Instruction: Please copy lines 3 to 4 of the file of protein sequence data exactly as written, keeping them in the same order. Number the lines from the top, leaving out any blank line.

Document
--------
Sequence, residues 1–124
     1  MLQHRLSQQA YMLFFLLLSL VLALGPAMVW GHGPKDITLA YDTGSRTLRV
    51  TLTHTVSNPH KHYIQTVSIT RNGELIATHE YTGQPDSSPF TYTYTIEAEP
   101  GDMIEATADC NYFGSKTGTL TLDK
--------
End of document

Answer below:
    51  TLTHTVSNPH KHYIQTVSIT RNGELIATHE YTGQPDSSPF TYTYTIEAEP
   101  GDMIEATADC NYFGSKTGTL TLDK